Statement: Governor Phil Scott on the Future of the Vermont State College System
Montpelier, Vt. – Governor Phil Scott today issued the following statement:
“Long before the COVID-19 pandemic, Vermont State College trustees faced a difficult and unsustainable financial reality: A declining enrollment and systemwide overhead costs rising much faster than tuition and taxpayers can afford. The board has been signaling for years that the system is not financially sustainable. We’ve seen many private colleges across the country close for similar reasons. Now, accelerated by the economic impacts of the pandemic, we must have some difficult discussions about how to save the state college system.
“It is important to note, the challenges our state colleges face are not unique to higher education. The fact is, we face similar structural problems in our preK-12 education system as well, but the state college system can’t rely on property taxes to cover its continuously rising costs.
“From my perspective there are three fundamental paths to choose from:
- Adopt the current plan;
- Ask already overburdened taxpayers to pour tens of millions more into the current system, knowing it is unsustainable; or
- Seize this opportunity to save the state college system and use it to strengthen our entire education system, from cradle to career.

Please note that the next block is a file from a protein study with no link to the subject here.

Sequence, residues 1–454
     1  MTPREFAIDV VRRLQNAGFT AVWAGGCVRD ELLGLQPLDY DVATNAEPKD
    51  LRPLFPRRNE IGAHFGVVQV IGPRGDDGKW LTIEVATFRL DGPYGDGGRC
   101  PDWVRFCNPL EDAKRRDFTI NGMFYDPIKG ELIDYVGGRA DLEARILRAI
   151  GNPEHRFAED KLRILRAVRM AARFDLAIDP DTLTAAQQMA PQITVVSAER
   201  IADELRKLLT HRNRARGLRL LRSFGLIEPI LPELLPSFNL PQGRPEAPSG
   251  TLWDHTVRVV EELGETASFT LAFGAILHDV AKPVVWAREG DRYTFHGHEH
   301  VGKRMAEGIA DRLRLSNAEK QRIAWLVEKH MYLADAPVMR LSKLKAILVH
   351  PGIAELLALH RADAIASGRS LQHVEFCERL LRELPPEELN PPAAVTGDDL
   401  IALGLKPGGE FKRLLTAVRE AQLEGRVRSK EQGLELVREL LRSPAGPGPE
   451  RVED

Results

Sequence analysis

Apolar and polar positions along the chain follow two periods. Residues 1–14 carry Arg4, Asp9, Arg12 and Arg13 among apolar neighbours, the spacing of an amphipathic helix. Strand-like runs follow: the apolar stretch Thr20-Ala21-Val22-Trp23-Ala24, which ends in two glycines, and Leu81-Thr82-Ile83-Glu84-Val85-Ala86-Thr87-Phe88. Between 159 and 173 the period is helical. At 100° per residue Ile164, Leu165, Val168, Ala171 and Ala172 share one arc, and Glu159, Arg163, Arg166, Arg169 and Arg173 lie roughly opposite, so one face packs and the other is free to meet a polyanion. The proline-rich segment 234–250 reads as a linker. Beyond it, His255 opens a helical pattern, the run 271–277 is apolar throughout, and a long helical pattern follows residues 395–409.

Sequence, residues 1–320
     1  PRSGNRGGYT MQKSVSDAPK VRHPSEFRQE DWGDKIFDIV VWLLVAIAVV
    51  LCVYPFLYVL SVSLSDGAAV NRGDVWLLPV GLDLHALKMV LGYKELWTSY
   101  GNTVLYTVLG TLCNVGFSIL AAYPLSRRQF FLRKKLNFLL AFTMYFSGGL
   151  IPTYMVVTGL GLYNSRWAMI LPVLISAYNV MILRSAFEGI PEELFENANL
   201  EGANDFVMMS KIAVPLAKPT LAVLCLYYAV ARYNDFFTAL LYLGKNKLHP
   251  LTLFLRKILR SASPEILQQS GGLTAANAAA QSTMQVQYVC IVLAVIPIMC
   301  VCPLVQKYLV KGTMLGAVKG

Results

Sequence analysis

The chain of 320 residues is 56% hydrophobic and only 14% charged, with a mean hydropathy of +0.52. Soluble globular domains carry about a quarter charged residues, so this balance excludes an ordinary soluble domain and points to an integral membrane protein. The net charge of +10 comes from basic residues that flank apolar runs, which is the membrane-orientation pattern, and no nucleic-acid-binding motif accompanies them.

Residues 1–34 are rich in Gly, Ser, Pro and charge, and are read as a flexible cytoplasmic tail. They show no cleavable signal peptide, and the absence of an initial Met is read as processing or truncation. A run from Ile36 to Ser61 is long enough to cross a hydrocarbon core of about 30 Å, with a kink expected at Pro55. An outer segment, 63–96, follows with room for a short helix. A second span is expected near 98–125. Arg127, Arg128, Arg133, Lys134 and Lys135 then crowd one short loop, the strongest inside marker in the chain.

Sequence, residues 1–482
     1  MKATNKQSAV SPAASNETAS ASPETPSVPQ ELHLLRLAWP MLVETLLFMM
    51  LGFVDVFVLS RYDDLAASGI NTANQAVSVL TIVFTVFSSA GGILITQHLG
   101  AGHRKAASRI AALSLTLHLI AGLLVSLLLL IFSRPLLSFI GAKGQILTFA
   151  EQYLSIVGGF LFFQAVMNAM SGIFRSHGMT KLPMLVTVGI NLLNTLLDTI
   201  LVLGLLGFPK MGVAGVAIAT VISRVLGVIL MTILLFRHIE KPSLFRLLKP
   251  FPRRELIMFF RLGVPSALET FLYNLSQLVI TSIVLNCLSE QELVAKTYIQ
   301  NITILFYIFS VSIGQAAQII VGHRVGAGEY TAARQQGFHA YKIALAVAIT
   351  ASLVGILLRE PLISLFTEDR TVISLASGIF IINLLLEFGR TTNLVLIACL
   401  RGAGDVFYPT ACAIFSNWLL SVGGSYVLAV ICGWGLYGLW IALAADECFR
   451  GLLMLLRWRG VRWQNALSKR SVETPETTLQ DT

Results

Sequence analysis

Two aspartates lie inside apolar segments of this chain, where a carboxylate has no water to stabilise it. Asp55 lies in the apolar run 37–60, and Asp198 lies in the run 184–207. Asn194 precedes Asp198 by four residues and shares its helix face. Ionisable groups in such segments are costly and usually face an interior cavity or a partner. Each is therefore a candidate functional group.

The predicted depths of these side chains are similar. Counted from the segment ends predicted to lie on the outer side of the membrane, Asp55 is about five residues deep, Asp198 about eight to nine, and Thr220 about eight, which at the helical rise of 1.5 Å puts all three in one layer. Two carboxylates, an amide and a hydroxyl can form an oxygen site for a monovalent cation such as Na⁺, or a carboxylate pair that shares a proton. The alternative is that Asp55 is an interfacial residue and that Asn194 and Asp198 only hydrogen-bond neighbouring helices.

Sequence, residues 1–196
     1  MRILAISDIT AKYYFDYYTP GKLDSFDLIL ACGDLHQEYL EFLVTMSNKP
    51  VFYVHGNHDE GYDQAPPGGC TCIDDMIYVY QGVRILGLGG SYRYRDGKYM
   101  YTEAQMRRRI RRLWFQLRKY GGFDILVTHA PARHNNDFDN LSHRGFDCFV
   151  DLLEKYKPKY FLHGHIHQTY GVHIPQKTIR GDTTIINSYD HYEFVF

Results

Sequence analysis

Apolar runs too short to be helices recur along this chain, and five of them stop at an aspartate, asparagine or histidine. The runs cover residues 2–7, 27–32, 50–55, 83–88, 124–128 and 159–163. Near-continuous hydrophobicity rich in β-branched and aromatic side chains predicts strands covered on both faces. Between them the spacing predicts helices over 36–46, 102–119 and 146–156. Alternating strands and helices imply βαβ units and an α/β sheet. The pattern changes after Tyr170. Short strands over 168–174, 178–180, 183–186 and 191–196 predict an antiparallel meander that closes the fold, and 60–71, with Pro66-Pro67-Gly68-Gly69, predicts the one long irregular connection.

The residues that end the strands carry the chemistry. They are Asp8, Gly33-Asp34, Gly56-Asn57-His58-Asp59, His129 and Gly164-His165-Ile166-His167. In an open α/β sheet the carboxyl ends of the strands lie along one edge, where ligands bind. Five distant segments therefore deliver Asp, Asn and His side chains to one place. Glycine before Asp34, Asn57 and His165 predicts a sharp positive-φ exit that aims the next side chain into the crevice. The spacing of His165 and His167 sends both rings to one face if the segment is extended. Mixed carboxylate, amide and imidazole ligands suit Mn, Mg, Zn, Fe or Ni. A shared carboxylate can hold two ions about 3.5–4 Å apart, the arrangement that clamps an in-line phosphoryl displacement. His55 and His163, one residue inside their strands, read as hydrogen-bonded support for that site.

“To be clear, I don’t support adopting the current plan as proposed or asking taxpayers to bailout a system that is no longer financially viable. There is a far better, more positive path forward – including for the communities that rely on state college campuses to sustain their local economies – if we are creative and committed to the hard work ahead.
“For this reason, I’m calling on the Legislature to begin work immediately on a statewide plan to rethink, reform and strengthen the education system in ways that are fair and equitable to every student, every community and every taxpayer.
“In fact, I believe it is possible for Vermont to emerge from this crisis on a path toward having the very best education system in the country, and ultimately, in the world.
“We all know change is not easy but there’s no doubt that difficult decisions will need to be made – because if we want to have the best education system, we cannot continue to do things the way we have always done them. Out of this moment of deep concern, I believe we can rally and make changes that have profoundly positive impacts on our state’s entire education system.
“This is a significant challenge, and an opportunity with enormous potential for the future of our state and all 251 of its communities.”